The Giants send Cain to the mound, who after another dominant season has struggled this postseason. In his three starts, Cain has allowed 9 runs and 17 hits in 17.2 innings of work. But, these are the types of situations he thrives in: a home start, game seven, and a trip to the World Series on the line. During his 15 regular season home starts, Cain is 8-3 with a 2.03 ERA. But, the Cardinals did hit him hard during the season as well. In two starts against the Red Birds, Cain is 1-1 with a 6.94 ERA in 11.2 innings.
Both bullpens figure to be the key to this game. That’s where the Cardinals could have an advantage. Rookie Manager Mike Matheny made a decision during game six that could prove pivotal for game seven as he allowed starter Chris Carpenter to continue to pitch rather than go to his bullpen early. That decision helped save his key late inning relievers in Trevor Rosenthal, Mitchell Boggs, and closer Jason Motte. It’s a decision that many managers wouldn’t make during the playoffs. Most managers would immediately go to the bullpen and hope to stave off a game seven.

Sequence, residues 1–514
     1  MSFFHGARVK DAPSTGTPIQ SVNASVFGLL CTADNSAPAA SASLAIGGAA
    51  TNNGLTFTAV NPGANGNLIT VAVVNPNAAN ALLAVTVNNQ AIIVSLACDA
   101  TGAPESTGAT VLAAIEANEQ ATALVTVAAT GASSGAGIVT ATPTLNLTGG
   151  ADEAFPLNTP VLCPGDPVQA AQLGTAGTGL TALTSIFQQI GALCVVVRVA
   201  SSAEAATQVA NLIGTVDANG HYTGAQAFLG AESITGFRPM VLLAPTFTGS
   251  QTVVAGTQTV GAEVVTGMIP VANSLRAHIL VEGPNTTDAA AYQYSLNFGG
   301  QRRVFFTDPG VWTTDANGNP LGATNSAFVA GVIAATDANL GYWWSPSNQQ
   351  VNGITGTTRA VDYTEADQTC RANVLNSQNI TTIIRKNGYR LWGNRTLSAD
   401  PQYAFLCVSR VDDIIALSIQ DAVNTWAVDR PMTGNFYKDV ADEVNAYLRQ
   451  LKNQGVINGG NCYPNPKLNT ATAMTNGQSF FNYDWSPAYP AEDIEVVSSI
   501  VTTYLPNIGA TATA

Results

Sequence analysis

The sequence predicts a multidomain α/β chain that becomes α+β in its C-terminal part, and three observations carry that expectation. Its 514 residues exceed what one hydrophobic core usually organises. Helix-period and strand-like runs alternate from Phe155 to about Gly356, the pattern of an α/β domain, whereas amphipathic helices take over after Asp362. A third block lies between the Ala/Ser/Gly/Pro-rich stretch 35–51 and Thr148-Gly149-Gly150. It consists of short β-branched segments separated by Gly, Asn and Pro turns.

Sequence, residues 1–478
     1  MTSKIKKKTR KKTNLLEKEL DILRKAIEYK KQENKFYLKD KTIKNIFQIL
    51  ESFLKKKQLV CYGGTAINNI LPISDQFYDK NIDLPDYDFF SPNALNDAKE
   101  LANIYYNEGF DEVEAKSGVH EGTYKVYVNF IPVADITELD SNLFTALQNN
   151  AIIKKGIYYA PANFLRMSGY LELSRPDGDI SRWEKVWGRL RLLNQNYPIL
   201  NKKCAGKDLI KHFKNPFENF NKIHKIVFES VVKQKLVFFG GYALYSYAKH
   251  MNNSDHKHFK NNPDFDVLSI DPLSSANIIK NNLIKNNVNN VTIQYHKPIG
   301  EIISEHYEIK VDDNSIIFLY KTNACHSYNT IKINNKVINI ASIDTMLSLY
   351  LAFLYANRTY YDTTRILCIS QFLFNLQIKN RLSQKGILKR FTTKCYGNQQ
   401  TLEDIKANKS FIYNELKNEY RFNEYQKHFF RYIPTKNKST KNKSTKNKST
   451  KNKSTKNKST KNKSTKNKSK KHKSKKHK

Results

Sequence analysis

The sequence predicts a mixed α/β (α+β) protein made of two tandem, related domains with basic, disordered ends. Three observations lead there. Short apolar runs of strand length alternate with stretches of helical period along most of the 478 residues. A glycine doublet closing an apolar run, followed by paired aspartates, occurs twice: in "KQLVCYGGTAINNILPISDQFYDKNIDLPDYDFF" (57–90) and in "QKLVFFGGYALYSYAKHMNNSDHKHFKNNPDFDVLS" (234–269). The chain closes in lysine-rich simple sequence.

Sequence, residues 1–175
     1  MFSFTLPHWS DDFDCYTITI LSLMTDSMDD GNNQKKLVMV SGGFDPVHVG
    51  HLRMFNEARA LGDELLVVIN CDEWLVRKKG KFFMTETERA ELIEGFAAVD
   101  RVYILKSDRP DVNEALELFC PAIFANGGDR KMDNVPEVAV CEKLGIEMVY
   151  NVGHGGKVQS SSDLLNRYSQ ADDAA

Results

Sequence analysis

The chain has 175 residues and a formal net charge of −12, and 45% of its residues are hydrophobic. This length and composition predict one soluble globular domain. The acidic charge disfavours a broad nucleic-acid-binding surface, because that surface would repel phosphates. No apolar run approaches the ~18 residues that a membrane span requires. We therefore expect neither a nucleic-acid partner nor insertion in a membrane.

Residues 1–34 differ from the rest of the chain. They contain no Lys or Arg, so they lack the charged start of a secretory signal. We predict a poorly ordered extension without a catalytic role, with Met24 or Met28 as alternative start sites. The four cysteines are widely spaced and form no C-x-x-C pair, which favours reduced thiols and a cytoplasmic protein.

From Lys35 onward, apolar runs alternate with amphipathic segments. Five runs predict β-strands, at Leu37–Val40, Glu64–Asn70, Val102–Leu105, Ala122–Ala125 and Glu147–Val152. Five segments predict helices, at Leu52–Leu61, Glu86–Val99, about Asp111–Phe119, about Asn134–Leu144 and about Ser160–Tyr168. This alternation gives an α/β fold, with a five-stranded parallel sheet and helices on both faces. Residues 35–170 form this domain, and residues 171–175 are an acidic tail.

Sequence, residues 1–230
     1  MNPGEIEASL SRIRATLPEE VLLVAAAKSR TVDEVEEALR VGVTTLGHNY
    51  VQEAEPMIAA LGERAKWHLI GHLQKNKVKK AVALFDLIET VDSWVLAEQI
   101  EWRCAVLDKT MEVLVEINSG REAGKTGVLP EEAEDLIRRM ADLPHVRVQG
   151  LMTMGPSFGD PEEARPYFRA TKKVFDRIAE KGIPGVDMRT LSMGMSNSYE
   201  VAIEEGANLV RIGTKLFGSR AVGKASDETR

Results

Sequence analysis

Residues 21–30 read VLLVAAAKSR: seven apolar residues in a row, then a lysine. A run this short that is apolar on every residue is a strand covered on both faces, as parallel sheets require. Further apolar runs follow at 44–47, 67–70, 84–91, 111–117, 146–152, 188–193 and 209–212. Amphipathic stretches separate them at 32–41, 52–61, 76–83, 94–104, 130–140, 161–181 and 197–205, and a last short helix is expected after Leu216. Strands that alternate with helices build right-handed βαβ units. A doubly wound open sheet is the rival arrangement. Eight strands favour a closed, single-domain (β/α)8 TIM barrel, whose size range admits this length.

“We just at that point let Carp go ahead and tried to work through it and give us an opportunity to try to save some of our pen. But more importantly, he was making pitches getting out, so we let him go,” said Matheny.
Carpenter would give up 6 hits and 5 runs (2 earned) in 4 innings of work. Had Matheny lifted him during the second inning, he would’ve had to go to one or two more relievers. Instead, Carpenter gave two more scoreless innings before the underbelly of the bullpen finished the game with 4 innings of one run baseball.